More than half the world lives on less than $2 a day.
It’s a startling truth that can sometimes make us feel helpless. Yet poverty can and must be fought. I recently asked our very own Dr Dennis Labayen, Field Operations Director, if he could identify 5 effective ways to fight poverty. Dennis has been working since 1973 to create a sustainable and permanent solution to poverty in many poor communities around the world. After years of research and implementation Dennis and his team have fine-tuned a process called ‘Participatory Human Development‘. The process is so effective that other NGO’s are also being trained in these techniques and are adopting similar practices.
Here are his 5 ways to fight poverty.
1. The people directly affected by the problems or issues of poverty in the community have to be actively and authentically participating in the efforts to fight poverty. This means that the affected people themselves will be the major participants of the intervention to fight poverty. Not only the formal leaders need to be consulted, but also the affected themselves. Their worldview and situation should be taken into consideration and through facilitation they become part of the process of addressing and resolving their problems.
2. Create an organised group within the community to help many people rather than working with a few individuals. Rather than working with individual persons it is more effective to facilitate collective and organized actions to help strengthen and empower people in poverty through an organization. This means that it is not enough to provide assistance to individually affected persons alone but through a collective organization each individual is developed and steps are taken to address their problems and other problems in the future.
3. The people affected need to identify the issues. It is more effective when issues and problems are identified by the people. They then begin to gain self-confidence and acquire capabilities in working together on simple issues and problems. This means that their initial efforts and experience can be used towards addressing more complex problems and issues. It is in identifying and acting on their initial simple issues or problems that the affected people gain their self-confidence and capability to identify other issues or problems which need to be addressed. Though externally, well thought introduced projects can help fight poverty, without the people’s active involvement and linking these projects with their own situation, identified issues and problems, such projects will most likely not be sustained.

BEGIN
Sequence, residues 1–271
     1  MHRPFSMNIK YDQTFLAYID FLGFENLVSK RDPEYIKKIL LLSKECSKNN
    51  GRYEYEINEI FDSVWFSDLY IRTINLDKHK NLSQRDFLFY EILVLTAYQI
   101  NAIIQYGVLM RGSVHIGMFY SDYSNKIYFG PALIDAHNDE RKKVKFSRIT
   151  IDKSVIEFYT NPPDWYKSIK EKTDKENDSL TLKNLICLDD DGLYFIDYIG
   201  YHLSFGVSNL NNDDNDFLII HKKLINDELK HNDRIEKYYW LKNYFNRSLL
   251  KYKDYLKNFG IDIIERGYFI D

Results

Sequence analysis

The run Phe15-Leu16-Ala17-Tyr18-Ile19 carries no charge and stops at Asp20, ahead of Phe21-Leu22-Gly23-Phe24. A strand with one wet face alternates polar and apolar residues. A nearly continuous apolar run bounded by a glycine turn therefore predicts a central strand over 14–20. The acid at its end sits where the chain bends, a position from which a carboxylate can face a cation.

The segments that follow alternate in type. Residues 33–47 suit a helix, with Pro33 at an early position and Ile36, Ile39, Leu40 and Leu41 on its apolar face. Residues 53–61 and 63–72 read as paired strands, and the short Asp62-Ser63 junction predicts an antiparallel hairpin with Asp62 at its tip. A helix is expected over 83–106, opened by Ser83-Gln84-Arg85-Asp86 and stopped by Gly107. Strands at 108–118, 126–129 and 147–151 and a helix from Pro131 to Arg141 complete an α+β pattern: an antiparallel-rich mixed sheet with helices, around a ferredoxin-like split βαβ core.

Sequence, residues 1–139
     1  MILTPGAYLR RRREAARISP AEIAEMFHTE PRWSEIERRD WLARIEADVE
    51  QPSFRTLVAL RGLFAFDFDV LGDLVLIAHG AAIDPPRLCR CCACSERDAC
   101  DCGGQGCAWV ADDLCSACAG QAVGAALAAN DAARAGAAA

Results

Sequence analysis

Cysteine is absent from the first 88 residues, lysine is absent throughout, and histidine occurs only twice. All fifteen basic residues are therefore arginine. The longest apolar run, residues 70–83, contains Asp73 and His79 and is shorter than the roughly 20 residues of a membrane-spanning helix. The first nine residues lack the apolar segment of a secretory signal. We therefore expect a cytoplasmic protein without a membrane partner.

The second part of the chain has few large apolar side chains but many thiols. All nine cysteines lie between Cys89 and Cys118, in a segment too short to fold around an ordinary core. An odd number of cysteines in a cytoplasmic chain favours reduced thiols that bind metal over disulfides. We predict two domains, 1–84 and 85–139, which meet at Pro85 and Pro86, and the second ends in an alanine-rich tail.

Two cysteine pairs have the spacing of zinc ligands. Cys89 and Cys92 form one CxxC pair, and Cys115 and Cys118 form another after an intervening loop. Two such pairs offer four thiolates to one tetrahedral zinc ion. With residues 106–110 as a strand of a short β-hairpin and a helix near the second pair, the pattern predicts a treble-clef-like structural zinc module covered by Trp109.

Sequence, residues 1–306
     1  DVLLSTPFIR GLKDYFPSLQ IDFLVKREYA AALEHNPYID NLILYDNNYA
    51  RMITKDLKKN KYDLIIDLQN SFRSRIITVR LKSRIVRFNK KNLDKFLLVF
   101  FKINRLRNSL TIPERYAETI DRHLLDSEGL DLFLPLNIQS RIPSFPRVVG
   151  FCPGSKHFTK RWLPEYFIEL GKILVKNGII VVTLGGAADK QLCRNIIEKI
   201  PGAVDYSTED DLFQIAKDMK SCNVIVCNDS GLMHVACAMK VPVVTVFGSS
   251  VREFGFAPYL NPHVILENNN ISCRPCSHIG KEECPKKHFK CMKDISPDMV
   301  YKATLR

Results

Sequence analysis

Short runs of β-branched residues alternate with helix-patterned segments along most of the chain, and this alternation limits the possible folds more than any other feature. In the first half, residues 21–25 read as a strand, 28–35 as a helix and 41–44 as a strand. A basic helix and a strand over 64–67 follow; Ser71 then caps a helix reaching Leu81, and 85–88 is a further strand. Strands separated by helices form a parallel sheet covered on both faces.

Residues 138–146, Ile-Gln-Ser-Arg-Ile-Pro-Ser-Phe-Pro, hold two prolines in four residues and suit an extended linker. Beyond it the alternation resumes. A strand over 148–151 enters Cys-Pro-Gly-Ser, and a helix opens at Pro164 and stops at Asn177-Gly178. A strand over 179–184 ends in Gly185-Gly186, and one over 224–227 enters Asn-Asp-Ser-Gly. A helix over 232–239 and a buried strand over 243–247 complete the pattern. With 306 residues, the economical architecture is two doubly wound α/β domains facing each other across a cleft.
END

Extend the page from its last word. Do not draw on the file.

4. People in poverty need to understand that they can often address and solve their own issues. The affected people going through the process of fighting poverty should have a raised level of consciousness about their situation and their capabilities in order to sustain their collective efforts and also to address other issues and problems.
5. Fighting poverty takes time. The process of fighting poverty is not a simple and short–termed process, especially if we want a deep transformation to take place to those affected. It takes time to enable and facilitate the affected people so they can break the “culture of silence” and become actors of their own development.
Many thanks to Dennis for sharing these thoughts.
We’d love to hear your comments and thoughts on his suggestions, or you may even have some of your own to add. And, please join us, today, in the fight against poverty. Together, we can make a huge difference for children and families living in poverty.